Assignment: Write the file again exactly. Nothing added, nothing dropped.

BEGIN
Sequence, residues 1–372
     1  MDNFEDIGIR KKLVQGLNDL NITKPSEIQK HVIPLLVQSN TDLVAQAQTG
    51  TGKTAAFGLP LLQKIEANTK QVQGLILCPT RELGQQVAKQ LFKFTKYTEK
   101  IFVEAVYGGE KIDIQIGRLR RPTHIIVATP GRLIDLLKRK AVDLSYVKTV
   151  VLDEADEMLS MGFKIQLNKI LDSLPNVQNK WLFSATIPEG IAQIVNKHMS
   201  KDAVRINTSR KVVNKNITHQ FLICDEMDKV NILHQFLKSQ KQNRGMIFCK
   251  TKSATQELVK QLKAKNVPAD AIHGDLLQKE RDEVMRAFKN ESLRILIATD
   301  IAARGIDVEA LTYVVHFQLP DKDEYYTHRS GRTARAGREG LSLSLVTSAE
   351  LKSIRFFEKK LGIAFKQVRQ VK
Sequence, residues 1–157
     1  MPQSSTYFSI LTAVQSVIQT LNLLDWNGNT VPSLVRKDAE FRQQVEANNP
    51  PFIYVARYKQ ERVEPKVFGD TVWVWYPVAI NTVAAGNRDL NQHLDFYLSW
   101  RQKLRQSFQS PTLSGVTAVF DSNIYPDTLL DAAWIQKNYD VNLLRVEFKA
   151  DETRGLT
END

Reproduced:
Sequence, residues 1–372
     1  MDNFEDIGIR KKLVQGLNDL NITKPSEIQK HVIPLLVQSN TDLVAQAQTG
    51  TGKTAAFGLP LLQKIEANTK QVQGLILCPT RELGQQVAKQ LFKFTKYTEK
   101  IFVEAVYGGE KIDIQIGRLR RPTHIIVATP GRLIDLLKRK AVDLSYVKTV
   151  VLDEADEMLS MGFKIQLNKI LDSLPNVQNK WLFSATIPEG IAQIVNKHMS
   201  KDAVRINTSR KVVNKNITHQ FLICDEMDKV NILHQFLKSQ KQNRGMIFCK
   251  TKSATQELVK QLKAKNVPAD AIHGDLLQKE RDEVMRAFKN ESLRILIATD
   301  IAARGIDVEA LTYVVHFQLP DKDEYYTHRS GRTARAGREG LSLSLVTSAE
   351  LKSIRFFEKK LGIAFKQVRQ VK
Sequence, residues 1–157
     1  MPQSSTYFSI LTAVQSVIQT LNLLDWNGNT VPSLVRKDAE FRQQVEANNP
    51  PFIYVARYKQ ERVEPKVFGD TVWVWYPVAI NTVAAGNRDL NQHLDFYLSW
   101  RQKLRQSFQS PTLSGVTAVF DSNIYPDTLL DAAWIQKNYD VNLLRVEFKA
   151  DETRGLT